Sensei Melissa ‘Myozen' Blacker, center, ordains Karen ‘Do'on' Weik, left, and Jay ‘Rinsen' Weik, right, during a Zen Buddhism ceremony at Lourdes College on Sunday. Seventeen of the Weiks' students received the Zen precepts in a Jukai ceremony.
In what may have been the first ceremony of its kind in the Toledo area, two local Zen Buddhist teachers were ordained as priests and 17 of their students professed Buddhist vows in a Jukai service Sunday at Lourdes College.
The teachers, Jay "Rinsen" Weik and his wife, Karen "Do'on" Weik, were ordained by Sensei Melissa "Myozen" Blacker of Worchester, Mass.
The Weiks are co-founders of the Toledo Zen Center where they hold weekly Wednesday night zazen services.
The ordination was a "transmitting of the dharma" from teacher to student. It is often associated with the monastic tradition, but Mr. Weik said he and his wife are more comparable to priests than monks.
The couple shaved their heads for the ceremony, "symbolizing cutting off the root of desire, cutting off the root of delusion, of clinging, of grasping," Mr. Weik said.
Mr. Weik, 41, who also teaches jazz guitar at the University of Toledo, said Zen Buddhism is "flowering" in America today, discerning dharma teaching from cultural carryovers from the East.
A Toledo native who became interested in Buddhism through the writings of Catholic monk Thomas Merton, Mr. Weik said he is pleased to see Zen Buddhism gaining in the Toledo area.
Melissa ‘Myozen' Blacker performs a wisdom water blessing.
"This is a major shift," he said. "I get excited about it. When I was young, there was nobody around here to do this with."
After the ordination, 17 people received the Zen precepts, professing their Buddhist faith. The precepts include such vows as being satisfied with what one has, listening and speaking from the heart, speaking what one perceives to be the truth without blame or guilt, and unconditionally accepting what each moment has to offer.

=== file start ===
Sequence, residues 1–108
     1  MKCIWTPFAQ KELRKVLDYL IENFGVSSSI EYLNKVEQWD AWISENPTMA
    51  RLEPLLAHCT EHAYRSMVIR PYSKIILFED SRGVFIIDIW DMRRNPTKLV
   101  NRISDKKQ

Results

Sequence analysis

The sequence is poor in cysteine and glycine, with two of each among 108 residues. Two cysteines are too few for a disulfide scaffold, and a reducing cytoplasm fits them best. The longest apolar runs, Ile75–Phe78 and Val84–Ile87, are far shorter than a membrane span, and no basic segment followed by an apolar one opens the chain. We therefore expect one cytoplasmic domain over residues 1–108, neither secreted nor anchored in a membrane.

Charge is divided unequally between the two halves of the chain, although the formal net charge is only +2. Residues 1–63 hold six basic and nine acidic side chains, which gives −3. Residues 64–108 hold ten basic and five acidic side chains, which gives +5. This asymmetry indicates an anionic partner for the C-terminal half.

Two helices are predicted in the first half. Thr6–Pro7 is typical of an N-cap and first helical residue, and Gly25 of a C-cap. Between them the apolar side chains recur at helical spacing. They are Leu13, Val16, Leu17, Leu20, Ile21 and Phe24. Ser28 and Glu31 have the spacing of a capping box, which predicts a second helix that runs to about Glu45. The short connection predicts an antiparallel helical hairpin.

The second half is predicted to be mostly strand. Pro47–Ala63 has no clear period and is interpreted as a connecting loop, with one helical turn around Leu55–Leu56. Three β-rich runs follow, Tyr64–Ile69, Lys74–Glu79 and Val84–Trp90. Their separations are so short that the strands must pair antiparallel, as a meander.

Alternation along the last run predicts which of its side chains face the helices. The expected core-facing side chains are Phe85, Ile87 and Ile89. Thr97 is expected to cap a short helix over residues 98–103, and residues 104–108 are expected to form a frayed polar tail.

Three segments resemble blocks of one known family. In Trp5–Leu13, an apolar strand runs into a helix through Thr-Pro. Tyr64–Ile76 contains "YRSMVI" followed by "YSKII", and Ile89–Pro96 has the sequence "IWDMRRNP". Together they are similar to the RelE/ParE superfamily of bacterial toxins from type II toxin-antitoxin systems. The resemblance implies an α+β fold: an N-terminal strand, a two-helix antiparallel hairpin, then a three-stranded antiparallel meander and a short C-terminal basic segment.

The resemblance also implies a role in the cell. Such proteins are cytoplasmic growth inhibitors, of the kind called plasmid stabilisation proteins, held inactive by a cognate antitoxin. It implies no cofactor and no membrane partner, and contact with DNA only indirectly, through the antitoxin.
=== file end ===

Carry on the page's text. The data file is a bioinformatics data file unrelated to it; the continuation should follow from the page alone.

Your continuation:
For Janis Sankowski, 47, of Toledo, it was her second Jukai ceremony. She studied in Ann Arbor for 14 years, "then I ended up becoming a member of a local church."
She missed the sitting and the quiet contemplation of Zen, however, and returned to Buddhism after meeting the Weiks.
"They are a gem in Toledo," Ms. Sankowski said. "Jay is a man that not only cares about his beliefs and Buddhism, but he cares about everyone he comes in contact with. He really is a Buddha. And Karen is the same way."
Chuck Greer, 57, of Toledo, said preparation for the Jukai was extensive and the three-hour ceremony was "icing on the cake."
Each student hand-sewed their own Rakasu, for example, a garment worn around the neck after taking the precepts. Mr. Greer broke his left hand falling on the ice, it made the sewing even more difficult and the accomplishment that much more rewarding.
Erik Knapp, 40, said it was "a long journey" that led him to Buddhism, going back to grade school. "I was reading books about religion and trying to find what fits for me."
After attending the Toledo Zen Center, he found "resonance" there, he said. "At this point in my life, this is something that is very clear and concise in my mind and I have the feeling that the time was right" to take the vows.
More information on the Toledo Zen Center is available online at toledozencenter.org or by calling 419-861-1163
Contact David Yonke at:
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